Recently, I put the word out on Twitter for ideas to use my many pounds of sweet potatoes. Our CSA just ended and the last few weeks were filled to the brim with the orange root vegetables. Luckily, I could eat them daily so it truly wasn’t a problem but I still wanted some new and different ways to incorporate the sweet, vitamin-packed food into our weekly dinners.
After a few suggestions for it, I ultimately decided on sweet potato gnocchi. My friend Steph made the initial suggestion, as she had blogged the gnocchi last year. I ended up using a combination of her recipe along with the sweet potato gnocchi recipes from A Couple Cooks and Food Loves Writing . In addition, I used the process described by 101 Cookbooks as my general gnocchi guide (a wonderfully helpful gnocchi post).
My suggestion, of course, is to make this now so that you don’t have to on Thanksgiving. In fact, I don’t even really want you to eat this on Thanksgiving – I think it would make for a wonderful Thanksgiving Eve meal, or a great addition to your Black Friday. Sweet potato gnocchi are hearty, yet strangely light, even in brown butter. They taste like Thanksgiving without screaming turkey and cranberry, and are a welcome addition to my fall menu. Gnocchi can be time-consuming, it’s true, but now that I’ve made a batch and have leftovers in the freezer for a quick meal, I have exactly zero regrets.
Serving Size: Serves 2 with enough to freeze for later
2 lb sweet potatoes, skins on
1/4 cup Parmesan cheese, plus 2 tbsp for topping
1/2 tsp cinnamon
1/2 tsp nutmeg
1 tbsp brown sugar
1 tsp salt
1 egg, lightly beaten
1.5 cups all-purpose flour, plus up to 1/2 cup more, plus more for dusting
1/2 stick butter (4 tbsp)
1 tbsp fresh minced sage
1 handful chopped walnuts
Cut each sweet potato in half (or quarters if large) so that each sweet potato section is approximately the same size. Place in pot of cold water and bring to a boil, boiling with skins on until soft (roughly 30-40 minutes). Allow potatoes to cool enough to handle, then gently peel skins from each potato half. Toss cooked potatoes into a bowl and mash with a potato masher (or use a ricer, if you have one) until smooth and no visible lumps remain. You can pass the potatoes through a sieve if you'd like ultra smooth sweet potatoes but I didn't see the need for it.
Add Parmesan, cinnamon, nutmeg, brown sugar, salt, and egg to sweet potatoes and mix well. Add flour 1/2 cup at a time and lightly fold and gently knead to combine until sweet potato dough is smooth and not completely tacky to the touch (gradually adding the extra half cup flour as needed to make the dough not sticky). Don't over-knead!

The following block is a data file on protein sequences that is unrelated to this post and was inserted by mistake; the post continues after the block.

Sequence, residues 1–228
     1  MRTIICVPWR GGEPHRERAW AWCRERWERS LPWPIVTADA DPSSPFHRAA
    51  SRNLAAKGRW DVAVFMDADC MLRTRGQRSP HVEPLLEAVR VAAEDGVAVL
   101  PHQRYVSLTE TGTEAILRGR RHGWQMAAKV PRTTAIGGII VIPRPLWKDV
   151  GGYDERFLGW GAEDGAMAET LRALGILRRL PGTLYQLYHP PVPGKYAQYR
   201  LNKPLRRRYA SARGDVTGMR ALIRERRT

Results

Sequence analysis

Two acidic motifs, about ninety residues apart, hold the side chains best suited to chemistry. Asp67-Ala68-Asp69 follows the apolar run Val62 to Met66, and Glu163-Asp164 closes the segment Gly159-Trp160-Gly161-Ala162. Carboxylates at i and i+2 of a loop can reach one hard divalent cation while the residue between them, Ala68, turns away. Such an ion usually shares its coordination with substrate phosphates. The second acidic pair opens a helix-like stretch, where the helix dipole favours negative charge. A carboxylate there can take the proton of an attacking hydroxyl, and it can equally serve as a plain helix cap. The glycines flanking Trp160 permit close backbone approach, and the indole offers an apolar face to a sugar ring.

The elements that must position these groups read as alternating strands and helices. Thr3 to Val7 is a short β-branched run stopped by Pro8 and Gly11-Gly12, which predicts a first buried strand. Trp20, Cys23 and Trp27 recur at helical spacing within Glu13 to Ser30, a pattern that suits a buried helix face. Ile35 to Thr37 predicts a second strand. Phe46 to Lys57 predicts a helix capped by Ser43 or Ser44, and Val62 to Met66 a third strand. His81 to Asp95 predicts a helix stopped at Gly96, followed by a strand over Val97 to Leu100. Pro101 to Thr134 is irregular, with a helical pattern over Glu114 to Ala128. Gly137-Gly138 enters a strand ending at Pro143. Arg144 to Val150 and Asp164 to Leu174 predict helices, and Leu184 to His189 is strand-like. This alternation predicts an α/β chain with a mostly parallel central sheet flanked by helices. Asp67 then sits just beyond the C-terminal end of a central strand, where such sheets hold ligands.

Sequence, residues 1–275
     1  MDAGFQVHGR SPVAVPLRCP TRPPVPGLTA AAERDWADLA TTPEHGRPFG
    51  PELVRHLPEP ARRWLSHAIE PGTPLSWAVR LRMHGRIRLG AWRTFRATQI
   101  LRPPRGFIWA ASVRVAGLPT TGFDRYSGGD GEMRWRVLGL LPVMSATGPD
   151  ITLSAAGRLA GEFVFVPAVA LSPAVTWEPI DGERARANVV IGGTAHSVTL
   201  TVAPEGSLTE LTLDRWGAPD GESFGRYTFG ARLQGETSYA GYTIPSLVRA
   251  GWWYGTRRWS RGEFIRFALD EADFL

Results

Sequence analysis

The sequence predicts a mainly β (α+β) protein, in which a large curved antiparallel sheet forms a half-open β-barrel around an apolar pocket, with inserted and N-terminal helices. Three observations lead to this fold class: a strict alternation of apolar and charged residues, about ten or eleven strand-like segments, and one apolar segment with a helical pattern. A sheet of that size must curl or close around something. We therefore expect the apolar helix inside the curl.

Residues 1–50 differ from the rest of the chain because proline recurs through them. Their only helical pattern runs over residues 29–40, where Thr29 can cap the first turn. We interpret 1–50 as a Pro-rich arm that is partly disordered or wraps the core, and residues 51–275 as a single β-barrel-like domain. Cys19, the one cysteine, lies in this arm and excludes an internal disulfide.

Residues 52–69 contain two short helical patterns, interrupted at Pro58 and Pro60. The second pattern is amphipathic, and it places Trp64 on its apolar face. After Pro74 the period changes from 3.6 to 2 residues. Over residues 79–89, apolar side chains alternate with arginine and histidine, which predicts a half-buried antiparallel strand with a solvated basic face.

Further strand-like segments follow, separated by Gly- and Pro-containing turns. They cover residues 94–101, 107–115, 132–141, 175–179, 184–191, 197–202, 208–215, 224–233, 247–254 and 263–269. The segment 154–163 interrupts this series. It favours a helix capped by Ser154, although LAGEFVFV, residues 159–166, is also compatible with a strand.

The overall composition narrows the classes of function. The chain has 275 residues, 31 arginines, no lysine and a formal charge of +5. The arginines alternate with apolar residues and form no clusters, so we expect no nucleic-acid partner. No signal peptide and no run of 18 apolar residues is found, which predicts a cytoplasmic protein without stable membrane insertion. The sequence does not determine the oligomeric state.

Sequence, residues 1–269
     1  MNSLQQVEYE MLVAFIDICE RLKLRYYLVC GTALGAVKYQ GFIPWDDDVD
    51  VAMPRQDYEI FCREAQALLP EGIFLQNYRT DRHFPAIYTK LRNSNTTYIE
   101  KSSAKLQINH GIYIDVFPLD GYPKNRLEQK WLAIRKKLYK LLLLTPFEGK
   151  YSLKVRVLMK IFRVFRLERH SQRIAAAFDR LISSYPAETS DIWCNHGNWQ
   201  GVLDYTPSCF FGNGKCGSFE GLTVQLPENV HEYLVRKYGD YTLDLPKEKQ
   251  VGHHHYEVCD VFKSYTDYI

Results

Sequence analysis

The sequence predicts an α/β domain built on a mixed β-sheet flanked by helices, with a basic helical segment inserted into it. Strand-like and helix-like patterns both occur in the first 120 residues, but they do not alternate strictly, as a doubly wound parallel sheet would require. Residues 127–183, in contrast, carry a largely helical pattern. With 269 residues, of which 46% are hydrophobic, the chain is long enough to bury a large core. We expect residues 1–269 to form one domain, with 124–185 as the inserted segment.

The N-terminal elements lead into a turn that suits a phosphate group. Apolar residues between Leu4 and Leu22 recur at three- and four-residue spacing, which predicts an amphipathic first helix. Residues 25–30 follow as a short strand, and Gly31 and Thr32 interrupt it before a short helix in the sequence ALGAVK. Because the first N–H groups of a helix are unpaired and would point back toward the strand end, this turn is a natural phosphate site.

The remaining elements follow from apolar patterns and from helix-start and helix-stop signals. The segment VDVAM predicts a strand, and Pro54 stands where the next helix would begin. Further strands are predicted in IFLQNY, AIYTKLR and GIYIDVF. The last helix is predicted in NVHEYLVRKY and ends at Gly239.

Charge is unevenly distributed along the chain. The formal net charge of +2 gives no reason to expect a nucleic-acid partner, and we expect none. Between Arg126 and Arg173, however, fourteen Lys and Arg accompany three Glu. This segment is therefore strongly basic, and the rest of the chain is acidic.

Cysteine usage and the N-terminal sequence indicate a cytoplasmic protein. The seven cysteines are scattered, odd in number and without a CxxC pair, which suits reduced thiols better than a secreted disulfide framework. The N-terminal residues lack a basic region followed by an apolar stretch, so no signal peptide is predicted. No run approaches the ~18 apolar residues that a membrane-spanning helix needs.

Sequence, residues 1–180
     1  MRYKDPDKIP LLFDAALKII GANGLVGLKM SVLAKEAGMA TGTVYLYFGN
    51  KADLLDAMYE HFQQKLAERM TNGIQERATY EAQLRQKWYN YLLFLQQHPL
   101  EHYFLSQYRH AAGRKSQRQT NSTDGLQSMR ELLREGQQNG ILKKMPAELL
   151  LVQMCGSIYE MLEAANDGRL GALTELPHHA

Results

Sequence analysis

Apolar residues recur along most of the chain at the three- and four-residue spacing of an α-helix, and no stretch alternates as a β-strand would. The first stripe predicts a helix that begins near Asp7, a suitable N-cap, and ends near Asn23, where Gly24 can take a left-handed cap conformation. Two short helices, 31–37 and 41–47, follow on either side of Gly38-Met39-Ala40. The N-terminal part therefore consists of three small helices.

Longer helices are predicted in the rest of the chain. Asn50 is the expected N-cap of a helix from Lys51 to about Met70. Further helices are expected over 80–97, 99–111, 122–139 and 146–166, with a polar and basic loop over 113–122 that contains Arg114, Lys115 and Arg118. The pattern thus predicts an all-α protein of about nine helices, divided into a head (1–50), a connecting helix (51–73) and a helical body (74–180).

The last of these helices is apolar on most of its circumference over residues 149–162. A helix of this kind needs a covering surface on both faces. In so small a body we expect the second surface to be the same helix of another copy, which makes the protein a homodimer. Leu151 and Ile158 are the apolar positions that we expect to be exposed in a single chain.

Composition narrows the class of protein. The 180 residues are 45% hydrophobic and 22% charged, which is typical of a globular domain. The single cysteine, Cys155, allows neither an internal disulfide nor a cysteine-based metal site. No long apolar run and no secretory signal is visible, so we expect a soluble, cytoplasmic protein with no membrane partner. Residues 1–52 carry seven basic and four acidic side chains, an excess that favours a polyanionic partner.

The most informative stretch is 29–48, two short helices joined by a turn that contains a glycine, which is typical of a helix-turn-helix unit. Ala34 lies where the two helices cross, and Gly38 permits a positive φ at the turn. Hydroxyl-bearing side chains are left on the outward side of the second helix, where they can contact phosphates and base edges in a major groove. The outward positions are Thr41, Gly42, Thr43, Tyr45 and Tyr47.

Divide the dough into four sections and using your hands and a floured surface, roll each section into a long, skinny roll, about the width of your thumb, give or take. No need to measure, just eyeball this. Cut off small sections of the dough to make each gnocchi piece (what matters is that the pieces are uniform in size; about the size of half your thumb or an inch or so).
Put pieces onto a parchment lined baking sheet. If desired, use a floured fork to press the traditional grooves into each gnocchi piece. For two people, save about 30 pieces, then freeze the rest right there on the baking sheet. After an hour, put the frozen gnocchi into a freezer-safe container (you can later boil them directly from the freezer!).
Bring a large pot of generously salted water to boil, then boil your gnocchi (in batches if needed) until they float, then add another minute. In total, 5-7 minutes. Using a slotted spoon, set drained gnocchi aside.
Dump water from pot, rinse, then add butter and sage and melt over medium-low heat. Cook until fat separates and butter releases a nutty aroma and turns brown. Off the heat, then add gnocchi. Roll gnocchi in brown butter then using the same slotted spoon, transfer to plate. Top gnocchi with chopped walnuts and extra Parmesan cheese.
My sweet potato gnocchi were far from perfect-looking, as evidenced by the above photo. They had those little sweet potato strings, they were a tad uneven, some had more flour than others. But none of that mattered when I rolled them around in brown butter and popped them in my mouth.
The post over at 101 Cookbooks really did help with the process. I’m no Italian grandmother (I didn’t even roll the gnocchi on a fork to get the traditional grooves), but reading the post and the follow up comments from readers helped tremendously. Gnocchi can be intimidating at first but they truly are a wonderful pasta to make at home.
And though these gnocchi are of the sweet potato variety, not much changes in the process. Take your time on a Sunday afternoon (or the day before Thanksgiving), invite a relative to help, and knock out eight servings at once. When you’re tired of turkey and can’t stand to think about cranberry, these little pillows will serve as a lovely respite.